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Competition among cells prevents cancer

No. 21 | 15/05/2014 | by Sel

T lymphocytes arise from the thymus gland, which plays an important role in the immune system. In this organ, immature progenitor cells originating in the bone marrow mature into immune system cells. The bone marrow constantly produces new progenitor cells that migrate into the thymus, where they replace older, "worn-out" progenitors. Scientists at the German Cancer Research Center (Deutsches Krebsforschungszentrum, DKFZ) have now discovered that this competition between older and younger cells seems to be essential for the prevention of cancer. In its absence, experimental mice developed leukemia. The researchers presented their results in the latest issue of Nature.

The thymus gland is an organ about the size of a fist that lies behind the breastbone. It is a central component of the immune system and is the place where T lymphocytes develop into active immune system cells. Only those that are able to discriminate between "self" and "non-self" are allowed to leave the thymus and go on to eliminate infected or cancerous cells, while tolerating the body’s own tissues.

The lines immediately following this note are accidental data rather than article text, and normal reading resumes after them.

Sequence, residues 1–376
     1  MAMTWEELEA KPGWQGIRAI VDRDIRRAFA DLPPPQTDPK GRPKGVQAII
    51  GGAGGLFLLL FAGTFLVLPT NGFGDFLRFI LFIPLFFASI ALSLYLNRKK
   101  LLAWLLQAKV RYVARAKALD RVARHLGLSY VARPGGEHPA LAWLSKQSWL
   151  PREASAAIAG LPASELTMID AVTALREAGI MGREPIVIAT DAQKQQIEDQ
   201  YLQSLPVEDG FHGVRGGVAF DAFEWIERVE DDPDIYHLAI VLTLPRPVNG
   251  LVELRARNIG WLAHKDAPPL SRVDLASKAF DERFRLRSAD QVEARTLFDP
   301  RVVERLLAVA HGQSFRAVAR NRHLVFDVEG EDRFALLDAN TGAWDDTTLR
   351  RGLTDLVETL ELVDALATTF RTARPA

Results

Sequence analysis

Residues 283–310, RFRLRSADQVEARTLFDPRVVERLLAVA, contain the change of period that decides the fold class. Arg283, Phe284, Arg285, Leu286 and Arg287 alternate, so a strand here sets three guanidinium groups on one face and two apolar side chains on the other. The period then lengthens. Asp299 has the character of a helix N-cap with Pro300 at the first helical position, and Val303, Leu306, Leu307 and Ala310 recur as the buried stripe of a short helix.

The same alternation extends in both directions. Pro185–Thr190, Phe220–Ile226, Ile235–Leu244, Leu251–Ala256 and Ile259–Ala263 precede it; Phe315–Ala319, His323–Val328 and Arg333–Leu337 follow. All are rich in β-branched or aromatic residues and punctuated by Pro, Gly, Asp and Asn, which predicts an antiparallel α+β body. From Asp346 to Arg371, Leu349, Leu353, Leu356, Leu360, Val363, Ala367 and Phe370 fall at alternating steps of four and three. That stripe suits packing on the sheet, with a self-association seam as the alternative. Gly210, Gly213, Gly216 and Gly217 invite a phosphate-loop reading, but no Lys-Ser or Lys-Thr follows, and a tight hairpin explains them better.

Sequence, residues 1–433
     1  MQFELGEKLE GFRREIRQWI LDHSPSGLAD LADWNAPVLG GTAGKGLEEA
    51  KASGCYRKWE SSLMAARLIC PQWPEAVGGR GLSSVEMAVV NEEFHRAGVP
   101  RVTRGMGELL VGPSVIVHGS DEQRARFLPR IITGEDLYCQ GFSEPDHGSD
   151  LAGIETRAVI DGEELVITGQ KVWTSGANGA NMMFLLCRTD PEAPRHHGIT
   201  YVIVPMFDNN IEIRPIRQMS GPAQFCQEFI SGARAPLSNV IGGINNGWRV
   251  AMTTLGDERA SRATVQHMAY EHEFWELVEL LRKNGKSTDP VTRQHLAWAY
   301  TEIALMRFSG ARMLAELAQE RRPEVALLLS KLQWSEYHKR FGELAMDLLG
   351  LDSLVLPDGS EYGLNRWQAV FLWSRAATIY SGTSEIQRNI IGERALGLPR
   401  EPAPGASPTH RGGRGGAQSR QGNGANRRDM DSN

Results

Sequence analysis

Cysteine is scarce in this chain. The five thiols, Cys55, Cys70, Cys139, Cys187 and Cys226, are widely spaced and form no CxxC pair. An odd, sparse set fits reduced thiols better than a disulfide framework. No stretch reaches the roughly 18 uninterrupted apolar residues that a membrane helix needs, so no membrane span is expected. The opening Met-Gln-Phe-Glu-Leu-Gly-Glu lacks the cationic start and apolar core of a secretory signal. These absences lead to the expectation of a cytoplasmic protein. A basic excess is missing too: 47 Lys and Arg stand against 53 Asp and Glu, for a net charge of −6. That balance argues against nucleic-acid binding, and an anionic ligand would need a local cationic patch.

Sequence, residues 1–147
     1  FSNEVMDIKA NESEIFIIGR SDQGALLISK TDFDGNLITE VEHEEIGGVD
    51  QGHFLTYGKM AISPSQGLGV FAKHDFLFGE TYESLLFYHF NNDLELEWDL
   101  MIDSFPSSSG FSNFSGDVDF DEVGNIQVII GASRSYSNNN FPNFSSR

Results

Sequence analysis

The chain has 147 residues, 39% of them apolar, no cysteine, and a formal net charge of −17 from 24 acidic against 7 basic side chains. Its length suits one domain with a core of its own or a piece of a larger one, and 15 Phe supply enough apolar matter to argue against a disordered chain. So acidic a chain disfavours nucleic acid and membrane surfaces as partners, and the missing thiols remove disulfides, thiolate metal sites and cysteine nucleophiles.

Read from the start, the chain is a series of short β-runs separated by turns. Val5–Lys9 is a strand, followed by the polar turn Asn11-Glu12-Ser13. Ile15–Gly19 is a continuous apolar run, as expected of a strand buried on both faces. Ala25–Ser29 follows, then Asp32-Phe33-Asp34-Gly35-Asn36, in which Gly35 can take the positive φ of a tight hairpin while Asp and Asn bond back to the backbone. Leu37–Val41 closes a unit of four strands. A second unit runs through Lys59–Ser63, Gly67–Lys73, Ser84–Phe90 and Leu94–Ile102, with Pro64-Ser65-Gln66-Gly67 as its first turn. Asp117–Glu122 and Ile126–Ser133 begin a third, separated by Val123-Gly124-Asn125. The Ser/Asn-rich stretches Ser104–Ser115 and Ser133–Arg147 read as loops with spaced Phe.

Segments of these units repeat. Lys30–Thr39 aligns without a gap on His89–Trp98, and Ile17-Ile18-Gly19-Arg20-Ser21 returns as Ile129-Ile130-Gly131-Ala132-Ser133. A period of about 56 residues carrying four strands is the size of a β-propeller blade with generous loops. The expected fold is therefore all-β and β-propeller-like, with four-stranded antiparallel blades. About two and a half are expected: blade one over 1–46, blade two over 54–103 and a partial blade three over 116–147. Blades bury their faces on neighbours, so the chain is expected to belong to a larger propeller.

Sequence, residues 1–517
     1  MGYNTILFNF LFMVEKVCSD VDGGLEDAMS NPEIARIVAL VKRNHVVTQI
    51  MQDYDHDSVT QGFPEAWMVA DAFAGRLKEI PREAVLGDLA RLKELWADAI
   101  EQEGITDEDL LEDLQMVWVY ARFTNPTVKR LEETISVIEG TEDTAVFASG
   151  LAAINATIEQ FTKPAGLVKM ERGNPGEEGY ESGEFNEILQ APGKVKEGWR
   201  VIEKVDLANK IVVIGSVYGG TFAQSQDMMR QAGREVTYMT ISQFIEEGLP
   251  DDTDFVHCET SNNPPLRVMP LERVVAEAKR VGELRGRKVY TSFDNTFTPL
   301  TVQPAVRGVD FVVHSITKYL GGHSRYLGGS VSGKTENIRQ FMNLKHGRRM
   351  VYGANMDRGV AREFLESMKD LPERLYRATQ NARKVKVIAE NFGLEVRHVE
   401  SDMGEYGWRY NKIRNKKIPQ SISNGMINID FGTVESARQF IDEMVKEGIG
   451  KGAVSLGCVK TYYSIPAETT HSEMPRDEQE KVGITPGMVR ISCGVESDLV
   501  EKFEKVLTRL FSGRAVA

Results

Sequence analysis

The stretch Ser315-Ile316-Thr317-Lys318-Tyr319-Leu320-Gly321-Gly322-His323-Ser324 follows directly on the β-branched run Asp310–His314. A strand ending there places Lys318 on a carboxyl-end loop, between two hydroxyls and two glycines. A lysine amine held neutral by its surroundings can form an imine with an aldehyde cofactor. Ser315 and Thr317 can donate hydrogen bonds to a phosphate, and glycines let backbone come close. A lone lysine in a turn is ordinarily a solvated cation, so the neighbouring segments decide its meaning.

"Normally, progenitors of T cells migrate from the bone marrow into the thymus, where they mature, at regular intervals," says Hans-Reimer Rodewald, head of the Division of Cellular Immunology at the DKFZ. If the regular supply of progenitors from the bone marrow stops, the thymus is able to produce its own T cells for a few months. This is apparently due to the fact that the thymus hosts immature progenitor cells that renew themselves in the absence of supply from the bone marrow, and more T cells can mature from them. Presumably, this mechanism serves a necessary role as a "reservoir", ensuring that if the bone marrow experiences a problem, the production of essential immune cells won’t be interrupted. (DKFZ PR No. 38/2012)